A preschool, a music school and a luxury real estate broker are among more than a dozen tenants to sign up for the Village of Cross Keys, a long-struggling North Baltimore retail and office complex under new ownership.
Towson-based Caves Valley Partners has signed its first round of leases since acquiring the center for $27 million in July, including Kiddie Calvert, run by the private Calvert School; the Baltimore School of Music; and Monument Sotheby’s International Realty. They are among 10 new and five existing lease signings and will move in by fall to the retail area of Village Square, Caves Valley said Tuesday.
The developer also is in talks to bring in a small grocer and restaurants and has signed a letter of intent with a partner to develop a new, 350-unit luxury apartment building. Caves Valley also is negotiating several additional retail and office deals.
The first round of tenants signals a change in momentum for Cross Keys, said Arsh Mirmiran, who is leading the redevelopment for Caves Valley. The tenants’ clients and student families likely will become customers of the shops, eateries and grocery, he said.
“The goal is to create a symbiotic relationship between office tenants and retail tenants,” said Mirmiran, who said he expects to quickly restore Cross Keys to prominence, “even in the midst of a pandemic.”
Caves Valley purchased Cross Keys from Ashkenazy Acquisition Corp., a New York real estate firm that also owns downtown Baltimore’s Harborplace, which was placed in court-ordered receivership more than a year ago.
Under the Cross Keys deal, Caves Valley assumed $20 million in debt. The center has struggled with neglect and the loss of tenants over several owners and was about 60% to 65% occupied in both retail and office portions at the time of the acquisition.
Caves Valley put down a nonrefundable deposit March 9, days after the first cases of COVID-19 were reported in Maryland and about a week before schools and much of the economy shut down. Despite shocks to the economy and countless business closures, Mirmiran and his partners say they still see the long-term potential of Cross Keys.
The private Calvert School, expanding with its first off-campus facility in the school’s nearly 125 year history, will open its second Kiddie Calvert early childhood center to accommodate about 100 children aged 10 weeks to 5 years old. Enrollment already is open for the fall, said Andrew Holmgren, the school’s headmaster, in the announcement.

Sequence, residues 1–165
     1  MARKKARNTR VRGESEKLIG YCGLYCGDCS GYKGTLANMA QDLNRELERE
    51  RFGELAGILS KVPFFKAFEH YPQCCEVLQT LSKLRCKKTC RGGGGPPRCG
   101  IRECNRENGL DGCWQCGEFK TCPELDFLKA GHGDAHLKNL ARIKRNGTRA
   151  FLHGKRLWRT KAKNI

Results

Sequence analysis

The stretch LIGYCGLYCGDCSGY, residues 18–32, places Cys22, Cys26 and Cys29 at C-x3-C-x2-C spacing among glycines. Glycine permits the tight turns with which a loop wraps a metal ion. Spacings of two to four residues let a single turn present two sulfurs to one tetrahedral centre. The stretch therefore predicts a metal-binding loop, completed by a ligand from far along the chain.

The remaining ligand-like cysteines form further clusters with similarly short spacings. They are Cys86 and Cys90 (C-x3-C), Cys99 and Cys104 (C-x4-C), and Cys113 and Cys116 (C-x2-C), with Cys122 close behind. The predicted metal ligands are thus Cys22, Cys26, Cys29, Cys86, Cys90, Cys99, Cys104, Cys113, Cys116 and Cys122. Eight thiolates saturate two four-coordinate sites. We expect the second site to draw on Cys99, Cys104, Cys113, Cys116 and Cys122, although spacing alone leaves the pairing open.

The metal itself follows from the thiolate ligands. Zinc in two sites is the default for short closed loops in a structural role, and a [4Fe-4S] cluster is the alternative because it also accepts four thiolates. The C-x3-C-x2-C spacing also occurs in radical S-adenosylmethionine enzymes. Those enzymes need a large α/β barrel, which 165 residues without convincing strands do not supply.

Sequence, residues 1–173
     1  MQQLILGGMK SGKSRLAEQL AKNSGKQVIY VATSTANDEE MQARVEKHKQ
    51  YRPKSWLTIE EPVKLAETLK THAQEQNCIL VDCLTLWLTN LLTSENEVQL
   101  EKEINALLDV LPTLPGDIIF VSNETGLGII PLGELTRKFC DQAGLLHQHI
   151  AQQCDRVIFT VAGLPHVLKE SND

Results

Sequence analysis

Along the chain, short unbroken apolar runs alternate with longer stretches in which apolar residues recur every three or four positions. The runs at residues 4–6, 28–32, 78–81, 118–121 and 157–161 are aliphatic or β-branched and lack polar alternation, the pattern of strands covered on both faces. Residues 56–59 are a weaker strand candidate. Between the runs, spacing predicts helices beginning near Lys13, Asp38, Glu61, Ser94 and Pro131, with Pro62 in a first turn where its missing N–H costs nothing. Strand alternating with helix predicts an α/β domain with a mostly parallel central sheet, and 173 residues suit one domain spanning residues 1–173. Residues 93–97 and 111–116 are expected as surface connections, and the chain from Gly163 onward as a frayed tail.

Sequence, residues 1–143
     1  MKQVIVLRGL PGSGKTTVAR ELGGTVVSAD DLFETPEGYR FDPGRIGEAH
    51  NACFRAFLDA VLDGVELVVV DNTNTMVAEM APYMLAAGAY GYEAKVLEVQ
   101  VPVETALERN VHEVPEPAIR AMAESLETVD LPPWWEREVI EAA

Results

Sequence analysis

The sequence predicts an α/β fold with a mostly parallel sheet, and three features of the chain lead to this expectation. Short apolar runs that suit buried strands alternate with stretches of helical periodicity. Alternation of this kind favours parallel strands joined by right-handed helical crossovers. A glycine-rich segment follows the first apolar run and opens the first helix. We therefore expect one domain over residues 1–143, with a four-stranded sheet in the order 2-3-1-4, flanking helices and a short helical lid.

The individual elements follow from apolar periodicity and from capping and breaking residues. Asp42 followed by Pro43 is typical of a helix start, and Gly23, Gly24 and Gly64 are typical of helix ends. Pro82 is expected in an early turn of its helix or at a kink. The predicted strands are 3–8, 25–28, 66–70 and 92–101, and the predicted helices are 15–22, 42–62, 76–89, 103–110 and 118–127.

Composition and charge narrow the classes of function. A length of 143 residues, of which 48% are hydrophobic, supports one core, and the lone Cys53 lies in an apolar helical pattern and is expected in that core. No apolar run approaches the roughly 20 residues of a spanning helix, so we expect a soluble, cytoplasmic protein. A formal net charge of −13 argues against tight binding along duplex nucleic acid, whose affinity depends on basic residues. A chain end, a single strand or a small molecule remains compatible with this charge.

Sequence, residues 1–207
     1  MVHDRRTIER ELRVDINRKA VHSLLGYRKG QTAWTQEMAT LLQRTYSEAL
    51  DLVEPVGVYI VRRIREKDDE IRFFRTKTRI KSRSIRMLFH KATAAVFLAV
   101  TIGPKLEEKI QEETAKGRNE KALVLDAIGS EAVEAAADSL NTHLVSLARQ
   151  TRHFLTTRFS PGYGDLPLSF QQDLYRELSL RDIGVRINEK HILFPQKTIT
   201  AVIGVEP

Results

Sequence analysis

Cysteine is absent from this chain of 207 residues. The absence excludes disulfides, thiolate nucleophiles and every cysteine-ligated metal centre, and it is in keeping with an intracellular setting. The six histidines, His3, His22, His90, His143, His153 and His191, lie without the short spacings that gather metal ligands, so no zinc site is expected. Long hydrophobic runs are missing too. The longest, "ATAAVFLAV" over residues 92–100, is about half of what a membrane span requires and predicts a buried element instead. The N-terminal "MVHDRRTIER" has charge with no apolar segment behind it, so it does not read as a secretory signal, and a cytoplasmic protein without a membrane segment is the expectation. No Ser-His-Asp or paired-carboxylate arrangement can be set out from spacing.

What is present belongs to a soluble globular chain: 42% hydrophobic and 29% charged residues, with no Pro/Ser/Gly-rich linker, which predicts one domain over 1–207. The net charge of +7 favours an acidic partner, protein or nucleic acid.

Monument Sotheby’s, a brokerage with a focus on luxury homes, plans to consolidate several offices and open a flagship location at Cross Keys. The firm wanted to move there, said co-owner Charlie Hatter, because of a “shared vision for the resurgence of Baltimore, and Cross Keys’ central location, which makes it easy to get to almost anywhere in the Baltimore area within a short drive.”
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The Baltimore School of Music also plans to open by the fall. It’s owned by James Lowe, a classically trained guitarist and alumnus of the Peabody Institute of Johns Hopkins University. The school’s team of music teachers will offer instruction in instruments, voice and composition.
Lease signings also include new and existing office tenants, Mirmiran said.
Sandy Hillman Communications, a Baltimore-based public relations firm serving local and national clients, will relocate to Cross Keys, too. The center was attractive because it offers out-of-town clients on-site hotel accommodations and a convenient drive to Penn Station and Baltimore-Washington Thurgood Marshall International Airport, said Sandy Hillman, the firm’s president. And it offers shopping, dining and parking for the staff, which eventually will return from remote work, she said in an announcement.
Other new office tenants include health practices, law firms, a massage therapist, a nonprofit group and others. Mirmiran said he hopes to fully lease the center’s office buildings by next year.
The developer is finishing interior upgrades at The Quadrangle office buildings and plans to start construction this spring on improvements to the entrance gatehouse and the interiors and facades of the Village Square office and retail space.
Mirmiran said he hopes to finalize a deal with a small grocer by the spring. And he expects interest from restaurateurs to pick up once pandemic restrictions begin to lift.
For now, while office and medical tenants have been willing to move forward, he said, “restaurant tenants are apprehensive about making moves without knowing where the city and pandemic are going.”